Personal Performance Appraisal
Shall I close the door?
This seat here?
Right. I am not sure why I’ve been asked to do this. Quite frankly, I haven’t worked with Ben very long, and I don’t know him that well. That’s no reflection on him, of course, it’s just the way it is. You might have thought Susan, or Jeremy, who was here before me, or even Graeme, though of course he’s still away on the overseas trip, so he probably wouldn’t be back in time to help out with things like this.
Actually, I would like it noted down on the form that I’m not sure I’m really qualified to be discussing Ben. I think that’s fair, to him and to me. Is there a space for that?
Oh, and can I ask a favour? I don’t mean to be nosey, but work in an office and you learn to read upside down, of course. I see that you have my name on the form as ‘Rach’. Just there. I really do prefer ‘Racheal’. H–E–A–L. Like medicine does. I suppose Will wrote that there when he was preparing these. He’s always calling me ‘Rach’. Eugh – like fingernails on a blackboard! Not that he means anything by it. It’s just my little pet thing.
So, Ben. He is very likeable, and he makes sure he gets on well with everyone in the office. He’s always ready to help, you only have to ask. He’s a bit of a brooder sometimes. I don’t know if he realises or not, but he does frown quite a bit. He’s got such a lovely smile, but quite often he’ll frown when we’re talking. It’s a bit off-putting.
I do have to say, though, it isn’t as if he is the hardest worker. Although, all credit to him, the boss, Will, does seem very happy with the work that he has done. And as they say: if you want to do well, work smart, not hard. And he is very smart. But there are a few little things.
If I need to talk to him about work, and I walk over to his desk, he will always close the window that he was working in. Alt-tab. Alt-tab, and he’ll spin around in his chair to see what I want. Now what do I care about what he’s doing on the computer, anyway? I mean, really. So that just seems a little odd to me. We’re all thrown in together, the boss, the seniors, and everyone else – it’s an open plan office, Honey; everyone knows what you’re up to. You just have to accept the fact that there is no privacy. One time he was particularly engrossed in something, and I don’t wear shoes in the office, so he didn’t hear me behind him – and all it was, was an email to a friend of his in Hastings! Email’s just like the telephone used to be, everyone uses email for personal purposes, it’s a fact of life. I make plenty of personal phone calls, and I don’t mind if anyone hears. There’s no need for him to act so guilty about it.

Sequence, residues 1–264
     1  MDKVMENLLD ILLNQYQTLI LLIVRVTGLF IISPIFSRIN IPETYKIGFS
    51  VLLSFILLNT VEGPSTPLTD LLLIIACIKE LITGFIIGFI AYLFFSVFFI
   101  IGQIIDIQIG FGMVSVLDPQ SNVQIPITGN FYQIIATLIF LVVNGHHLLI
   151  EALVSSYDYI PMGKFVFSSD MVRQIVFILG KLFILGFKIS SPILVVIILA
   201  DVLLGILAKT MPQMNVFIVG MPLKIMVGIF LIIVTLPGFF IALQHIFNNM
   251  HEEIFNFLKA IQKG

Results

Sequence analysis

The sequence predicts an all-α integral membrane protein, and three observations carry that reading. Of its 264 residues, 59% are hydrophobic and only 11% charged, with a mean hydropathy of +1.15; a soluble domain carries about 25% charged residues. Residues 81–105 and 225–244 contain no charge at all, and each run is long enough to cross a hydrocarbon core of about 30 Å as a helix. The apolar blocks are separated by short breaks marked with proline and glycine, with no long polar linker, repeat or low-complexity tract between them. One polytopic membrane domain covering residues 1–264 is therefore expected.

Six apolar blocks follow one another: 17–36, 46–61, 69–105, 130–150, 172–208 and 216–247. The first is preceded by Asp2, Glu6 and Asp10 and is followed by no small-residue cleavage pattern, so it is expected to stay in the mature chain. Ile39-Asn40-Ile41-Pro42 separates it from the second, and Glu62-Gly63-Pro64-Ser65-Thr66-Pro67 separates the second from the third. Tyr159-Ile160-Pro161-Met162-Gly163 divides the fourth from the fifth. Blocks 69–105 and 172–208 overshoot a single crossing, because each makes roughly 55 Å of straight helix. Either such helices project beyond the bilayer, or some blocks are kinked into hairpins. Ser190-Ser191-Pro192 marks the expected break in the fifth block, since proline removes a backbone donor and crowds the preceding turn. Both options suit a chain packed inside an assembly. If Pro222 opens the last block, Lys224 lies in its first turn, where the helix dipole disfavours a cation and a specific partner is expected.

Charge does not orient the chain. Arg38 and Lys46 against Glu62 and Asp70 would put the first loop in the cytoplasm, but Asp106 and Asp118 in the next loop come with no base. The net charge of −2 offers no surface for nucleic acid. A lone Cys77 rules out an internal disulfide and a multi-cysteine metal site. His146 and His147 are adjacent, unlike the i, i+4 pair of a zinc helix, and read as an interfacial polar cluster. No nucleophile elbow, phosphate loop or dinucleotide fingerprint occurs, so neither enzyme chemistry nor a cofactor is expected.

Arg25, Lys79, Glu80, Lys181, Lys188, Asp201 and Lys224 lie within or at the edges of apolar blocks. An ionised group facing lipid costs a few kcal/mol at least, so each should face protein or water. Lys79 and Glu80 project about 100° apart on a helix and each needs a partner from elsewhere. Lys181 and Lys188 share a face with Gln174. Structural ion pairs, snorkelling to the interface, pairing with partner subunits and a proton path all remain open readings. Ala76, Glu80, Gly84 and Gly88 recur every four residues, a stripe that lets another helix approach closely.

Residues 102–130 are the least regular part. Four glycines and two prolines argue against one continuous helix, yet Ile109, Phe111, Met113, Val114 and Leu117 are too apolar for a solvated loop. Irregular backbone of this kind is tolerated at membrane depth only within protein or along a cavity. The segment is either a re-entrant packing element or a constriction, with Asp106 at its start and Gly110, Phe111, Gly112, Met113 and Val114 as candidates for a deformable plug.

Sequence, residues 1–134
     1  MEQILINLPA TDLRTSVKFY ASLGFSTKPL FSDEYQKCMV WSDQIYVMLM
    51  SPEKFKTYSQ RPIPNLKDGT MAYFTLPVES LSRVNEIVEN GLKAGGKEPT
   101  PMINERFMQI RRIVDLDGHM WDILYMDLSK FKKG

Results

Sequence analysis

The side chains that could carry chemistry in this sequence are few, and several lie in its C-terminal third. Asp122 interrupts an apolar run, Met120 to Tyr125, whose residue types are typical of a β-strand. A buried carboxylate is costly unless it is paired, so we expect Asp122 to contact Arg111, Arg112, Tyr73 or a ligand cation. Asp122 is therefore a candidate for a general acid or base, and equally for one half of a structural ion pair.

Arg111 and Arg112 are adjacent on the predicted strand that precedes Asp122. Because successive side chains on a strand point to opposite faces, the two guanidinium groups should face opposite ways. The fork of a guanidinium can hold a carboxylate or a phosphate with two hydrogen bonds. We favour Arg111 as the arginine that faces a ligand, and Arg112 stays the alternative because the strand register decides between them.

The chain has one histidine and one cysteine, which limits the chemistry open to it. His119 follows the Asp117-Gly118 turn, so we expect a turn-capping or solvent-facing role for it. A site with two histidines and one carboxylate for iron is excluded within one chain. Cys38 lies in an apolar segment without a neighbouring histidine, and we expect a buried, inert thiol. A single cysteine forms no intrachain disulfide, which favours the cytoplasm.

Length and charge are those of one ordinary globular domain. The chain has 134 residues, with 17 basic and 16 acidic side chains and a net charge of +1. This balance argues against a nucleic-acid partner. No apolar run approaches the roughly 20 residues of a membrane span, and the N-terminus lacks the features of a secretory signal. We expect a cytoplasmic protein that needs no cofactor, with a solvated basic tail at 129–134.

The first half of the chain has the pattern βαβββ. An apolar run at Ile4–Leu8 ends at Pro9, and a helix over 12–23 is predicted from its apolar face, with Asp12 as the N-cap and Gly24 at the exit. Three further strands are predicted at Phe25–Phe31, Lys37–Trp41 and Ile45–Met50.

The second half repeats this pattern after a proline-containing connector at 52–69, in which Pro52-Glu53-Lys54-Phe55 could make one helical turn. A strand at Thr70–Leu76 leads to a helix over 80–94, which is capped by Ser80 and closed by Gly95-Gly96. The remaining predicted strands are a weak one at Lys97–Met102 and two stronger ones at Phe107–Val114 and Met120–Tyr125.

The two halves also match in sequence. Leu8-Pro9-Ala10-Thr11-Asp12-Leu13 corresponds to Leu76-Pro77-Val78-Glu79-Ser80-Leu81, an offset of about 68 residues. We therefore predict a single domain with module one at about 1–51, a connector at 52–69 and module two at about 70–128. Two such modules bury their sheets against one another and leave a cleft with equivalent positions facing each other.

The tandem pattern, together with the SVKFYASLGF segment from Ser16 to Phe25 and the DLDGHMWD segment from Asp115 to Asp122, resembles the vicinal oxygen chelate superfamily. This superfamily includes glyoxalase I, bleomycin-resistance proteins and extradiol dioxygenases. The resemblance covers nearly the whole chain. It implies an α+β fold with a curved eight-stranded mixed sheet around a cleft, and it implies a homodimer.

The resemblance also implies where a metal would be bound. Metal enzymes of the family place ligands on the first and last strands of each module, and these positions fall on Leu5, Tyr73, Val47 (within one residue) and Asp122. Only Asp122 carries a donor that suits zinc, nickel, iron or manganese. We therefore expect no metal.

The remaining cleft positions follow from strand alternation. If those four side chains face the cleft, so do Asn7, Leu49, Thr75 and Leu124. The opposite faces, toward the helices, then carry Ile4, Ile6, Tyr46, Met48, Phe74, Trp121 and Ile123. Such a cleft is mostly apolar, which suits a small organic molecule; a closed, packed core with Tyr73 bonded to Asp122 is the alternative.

The other thing that he does, and it really is just these two little things, is come in late. He will come in five or ten minutes late every morning. I’m sure he’d say it’s some mornings, or most mornings, but it is every morning. And he always looks worried, I can see him glancing sideways at Will as he walks by him, on the way to his desk. Will doesn’t care, half the time he doesn’t notice – chances are, he’s so busy answering a call, or working on something, that he doesn’t have time to even look up by the time that Ben gets in. Will’s bright and early every morning, so he’s going great guns by nine. So it’s not as though Ben is going to get into trouble for it.
And he drives in! The senior manager, Graeme, told Will to use his park while he was in Canada, and so while that was going on, Will offered Ben his park to use – so it’s not as if he’s tied to a bus timetable. I look over the car park from my desk, and I see him pulling in, and then jumping out of his car, looking at his watch, and grabbing his jacket, always in a rush. If he rushed like that an hour before, he’d be on time. Half the time he has to go back, to check if he’s locked his car, or to grab his bag.
It just gets under my skin a little bit. Just a little, mind you. Not because he’s late, but because he won’t make up his mind. He could decide to just get here a little bit earlier – as I said, it’s only five minutes or so – or he could just decide to stroll in when he feels like it, which, let’s face it, is what most seniors I’ve dealt with do anyway, they’ve earned that freedom I suppose – but he just keeps on half-sneaking in, and being very slightly late. One morning he sat down, and I popped over the partition, and said, ‘Ooh, Ben, you’re late again!’
I said it in a joking way, so there wasn’t any harm in it. It was more, look – we all know you come in late, get over it, relax. And it wasn’t as if Will heard me either – like I said, he doesn’t pay attention to that sort of thing. But I could see Ben had taken it the wrong way. And next day, wonder of wonders, he was on time, got to his desk, didn’t get a cup of coffee, didn’t say a thing, didn’t move until ten-thirty. Well, he did say ‘morning’. If you get to the stage where someone won’t even say ‘morning’ then, well. But still.
So he could certainly do with learning to lighten up a little. Or be on time. But it’s neither. And it’s every single morning, I don’t think he even realises – except for that time, of course.
Is this helpful? Are you starting to get a feeling for Ben?